Juan Linz and Arturo Valenzuela, The Failure of Presidential Democracy: Comparative perspectives. (1994).

Main Argument: Parliamentary democracies have a superior historical performance to presidential democracies; they are more conducive to stable democracy than the latter. This conclusion applies especially to nations with deep political cleavages and numerous political parties; for such countries, parliamentarism generally offers a better hope of preserving democracy.
Three major points are made by the theoretical chapter: First, an executive and legislative which are elected separately creates a situation of dual democratic legitimacy, and thus, a potentially conflictive relationship between the two bodies. Secondly, the fixed term of office in presidential systems introduces an unhealthy element of institutional rigidity in the system of government, which may undermine regime stability. And thirdly, inherent in presidential systems is a zero-sum game, winner-take-all aspect which tends to foster political polarisation, in already problematic and polarised societies.
Method:  A new institutionalist approach to comparative case studies. This book argues that political institutions and structures matter for democratic stability, for they help to shape and delimit the responses of individuals to crises and external influences.
== Notes ==
– This work is it is implicitly critical of collections like Weaver and Rockman’s (1993) for restricting their attention to a single example of presidentialism, the United States
Linz’s Article: (Theoretical Chapter)
Two features of/problems with presidential democracy:
– A strong claim to democratic, even plebiscitarian, legitimacy;
– A fixed term in office
*However, legislators, especially when they represent cohesive, disciplined parties that offer clear ideological and political alternatives, can also claim democratic legitimacy (competing claims)
Problems with Presidentialism:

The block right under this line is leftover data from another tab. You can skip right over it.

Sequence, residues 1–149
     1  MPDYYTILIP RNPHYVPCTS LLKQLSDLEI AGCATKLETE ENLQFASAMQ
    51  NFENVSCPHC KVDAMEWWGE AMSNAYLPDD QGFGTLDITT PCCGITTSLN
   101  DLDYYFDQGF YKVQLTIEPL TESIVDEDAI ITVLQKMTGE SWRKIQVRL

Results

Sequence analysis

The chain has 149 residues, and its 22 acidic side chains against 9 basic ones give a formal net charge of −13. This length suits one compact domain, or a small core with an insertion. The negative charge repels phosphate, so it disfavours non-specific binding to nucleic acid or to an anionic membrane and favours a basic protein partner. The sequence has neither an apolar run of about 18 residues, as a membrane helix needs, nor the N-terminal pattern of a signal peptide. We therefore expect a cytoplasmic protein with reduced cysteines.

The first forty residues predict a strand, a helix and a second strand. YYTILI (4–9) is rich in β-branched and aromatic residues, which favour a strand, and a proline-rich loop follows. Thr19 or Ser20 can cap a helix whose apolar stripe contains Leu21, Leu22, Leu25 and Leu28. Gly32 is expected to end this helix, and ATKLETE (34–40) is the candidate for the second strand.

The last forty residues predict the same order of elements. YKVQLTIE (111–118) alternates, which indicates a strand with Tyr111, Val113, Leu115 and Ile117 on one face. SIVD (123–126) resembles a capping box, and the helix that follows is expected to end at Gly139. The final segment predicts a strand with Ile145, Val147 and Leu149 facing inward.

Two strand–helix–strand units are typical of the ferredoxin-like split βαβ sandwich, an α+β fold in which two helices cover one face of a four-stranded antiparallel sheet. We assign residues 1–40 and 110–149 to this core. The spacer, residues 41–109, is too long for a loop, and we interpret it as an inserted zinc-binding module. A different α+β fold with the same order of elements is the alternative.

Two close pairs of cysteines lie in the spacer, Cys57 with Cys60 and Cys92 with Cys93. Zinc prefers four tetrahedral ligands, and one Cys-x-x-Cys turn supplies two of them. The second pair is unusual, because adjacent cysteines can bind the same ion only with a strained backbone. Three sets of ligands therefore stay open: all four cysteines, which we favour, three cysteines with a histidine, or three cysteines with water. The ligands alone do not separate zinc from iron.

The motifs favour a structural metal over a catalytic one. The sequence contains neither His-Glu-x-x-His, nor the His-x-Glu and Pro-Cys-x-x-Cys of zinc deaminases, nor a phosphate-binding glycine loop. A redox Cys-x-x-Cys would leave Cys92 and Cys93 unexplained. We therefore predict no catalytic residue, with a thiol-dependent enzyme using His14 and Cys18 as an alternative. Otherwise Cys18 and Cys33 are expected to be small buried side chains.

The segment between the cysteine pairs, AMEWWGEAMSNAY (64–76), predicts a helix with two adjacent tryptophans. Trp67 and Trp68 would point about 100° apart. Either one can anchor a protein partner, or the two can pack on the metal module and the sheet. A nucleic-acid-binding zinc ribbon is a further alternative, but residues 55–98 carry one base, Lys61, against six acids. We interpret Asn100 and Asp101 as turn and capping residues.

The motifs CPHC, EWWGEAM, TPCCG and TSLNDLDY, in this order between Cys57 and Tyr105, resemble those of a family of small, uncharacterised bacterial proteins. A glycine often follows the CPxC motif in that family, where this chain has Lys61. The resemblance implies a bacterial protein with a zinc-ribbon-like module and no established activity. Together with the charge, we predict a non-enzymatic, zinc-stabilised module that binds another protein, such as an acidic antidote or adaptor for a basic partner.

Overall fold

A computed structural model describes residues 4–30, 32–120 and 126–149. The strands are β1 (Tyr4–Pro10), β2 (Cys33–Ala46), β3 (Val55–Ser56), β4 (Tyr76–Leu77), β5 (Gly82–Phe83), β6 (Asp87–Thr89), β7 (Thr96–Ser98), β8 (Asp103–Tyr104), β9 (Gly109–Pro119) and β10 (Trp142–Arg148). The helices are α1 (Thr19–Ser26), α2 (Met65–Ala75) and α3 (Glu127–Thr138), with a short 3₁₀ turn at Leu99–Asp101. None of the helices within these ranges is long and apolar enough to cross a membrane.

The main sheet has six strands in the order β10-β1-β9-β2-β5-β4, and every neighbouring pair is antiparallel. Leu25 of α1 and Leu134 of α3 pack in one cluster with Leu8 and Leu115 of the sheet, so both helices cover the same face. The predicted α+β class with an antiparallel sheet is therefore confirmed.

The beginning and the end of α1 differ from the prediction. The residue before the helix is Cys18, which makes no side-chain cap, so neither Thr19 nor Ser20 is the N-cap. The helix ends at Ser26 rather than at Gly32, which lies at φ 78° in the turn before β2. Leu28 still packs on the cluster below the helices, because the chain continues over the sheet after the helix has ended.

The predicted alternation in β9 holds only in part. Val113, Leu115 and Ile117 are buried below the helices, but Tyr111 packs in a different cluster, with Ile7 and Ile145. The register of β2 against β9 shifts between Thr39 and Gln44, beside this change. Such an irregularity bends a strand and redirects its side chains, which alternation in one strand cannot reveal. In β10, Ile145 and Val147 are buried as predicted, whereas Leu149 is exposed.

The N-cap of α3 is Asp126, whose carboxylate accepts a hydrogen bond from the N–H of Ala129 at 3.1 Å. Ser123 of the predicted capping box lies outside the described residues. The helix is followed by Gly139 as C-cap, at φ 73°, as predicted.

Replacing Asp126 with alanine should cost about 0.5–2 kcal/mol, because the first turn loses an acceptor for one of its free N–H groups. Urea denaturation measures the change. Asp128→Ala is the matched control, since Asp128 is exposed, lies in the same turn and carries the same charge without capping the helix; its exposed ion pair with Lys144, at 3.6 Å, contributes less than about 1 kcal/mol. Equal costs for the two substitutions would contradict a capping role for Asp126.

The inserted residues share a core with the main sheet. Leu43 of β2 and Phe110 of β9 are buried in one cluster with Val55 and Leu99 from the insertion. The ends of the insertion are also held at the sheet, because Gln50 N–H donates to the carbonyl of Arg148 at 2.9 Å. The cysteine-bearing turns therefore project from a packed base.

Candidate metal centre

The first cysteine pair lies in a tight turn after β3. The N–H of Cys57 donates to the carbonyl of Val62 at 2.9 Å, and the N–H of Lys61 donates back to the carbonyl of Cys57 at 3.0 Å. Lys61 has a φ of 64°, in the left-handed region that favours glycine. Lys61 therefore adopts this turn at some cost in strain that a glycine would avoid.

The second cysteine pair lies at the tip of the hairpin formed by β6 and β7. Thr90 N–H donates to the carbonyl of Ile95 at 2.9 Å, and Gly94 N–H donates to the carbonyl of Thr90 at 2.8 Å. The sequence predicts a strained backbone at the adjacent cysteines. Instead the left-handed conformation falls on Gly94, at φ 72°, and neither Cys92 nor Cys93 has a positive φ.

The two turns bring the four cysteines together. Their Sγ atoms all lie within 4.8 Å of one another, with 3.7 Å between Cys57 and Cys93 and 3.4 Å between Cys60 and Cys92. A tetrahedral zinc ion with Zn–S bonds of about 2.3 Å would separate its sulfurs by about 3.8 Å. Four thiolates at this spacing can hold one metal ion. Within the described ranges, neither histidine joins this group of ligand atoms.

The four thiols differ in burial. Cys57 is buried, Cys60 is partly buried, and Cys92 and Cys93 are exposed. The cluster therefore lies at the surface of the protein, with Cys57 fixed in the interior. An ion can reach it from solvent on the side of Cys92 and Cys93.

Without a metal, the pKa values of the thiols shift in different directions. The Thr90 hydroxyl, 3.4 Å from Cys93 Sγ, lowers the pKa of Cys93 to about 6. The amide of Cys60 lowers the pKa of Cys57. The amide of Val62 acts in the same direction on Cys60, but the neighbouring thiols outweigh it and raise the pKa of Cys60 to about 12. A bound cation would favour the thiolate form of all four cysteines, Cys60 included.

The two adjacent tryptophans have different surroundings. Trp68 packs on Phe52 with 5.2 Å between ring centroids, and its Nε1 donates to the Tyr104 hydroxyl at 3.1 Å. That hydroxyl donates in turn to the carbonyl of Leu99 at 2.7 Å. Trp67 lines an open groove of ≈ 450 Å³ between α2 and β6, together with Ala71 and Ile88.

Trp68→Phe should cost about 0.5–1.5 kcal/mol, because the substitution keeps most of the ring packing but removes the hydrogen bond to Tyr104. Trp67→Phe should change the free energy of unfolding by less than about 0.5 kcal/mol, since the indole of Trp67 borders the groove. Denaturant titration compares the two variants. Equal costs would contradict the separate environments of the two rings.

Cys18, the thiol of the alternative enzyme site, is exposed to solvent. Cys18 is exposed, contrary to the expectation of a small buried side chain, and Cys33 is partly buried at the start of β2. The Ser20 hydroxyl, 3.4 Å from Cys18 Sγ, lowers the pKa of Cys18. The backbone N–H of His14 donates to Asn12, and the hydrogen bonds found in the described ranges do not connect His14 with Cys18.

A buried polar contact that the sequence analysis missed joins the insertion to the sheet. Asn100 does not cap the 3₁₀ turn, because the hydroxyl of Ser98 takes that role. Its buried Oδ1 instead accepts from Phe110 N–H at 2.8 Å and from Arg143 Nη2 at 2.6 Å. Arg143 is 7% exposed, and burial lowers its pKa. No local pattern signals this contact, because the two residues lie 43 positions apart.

Zero-Sum Elections:
– Presidentialism is ineluctably problematic because it operates according to the rule of “winner-take-all -an arrangement that tends to make democratic politics a zero-sum game [56]
– Although parliamentary elections can produce an absolute majority for a single party, they more often give representation to a number of parties
– Danger of president trying to define his policies as reflections of the popular will (populism) [61]
– Power-sharing and coalition-forming are common
– Advantage of choosing leader openly –> accountability
– Linz proposes runoff elections as a solution
Problem of Dual Legitimacy:
– Public prone to think that president has more power than legislature and may be politically mobilized against any adversaries who bar presidential policy
– When they clash, there is no routine democratic means of deciding between their claims
– Prime ministers are much closer to being on an equal footing with their fellow ministers
– Territorial principle of representation, often reinforced by malapportionment or federal institutions like a non-proportional upper legislative chamber, tends to give greater legislative weight to small to towns and rural areas [63]
Stability:
– Unlike a parliamentary system, premature elections cannot be called to allow the people to decide between the competing claims of president and legislature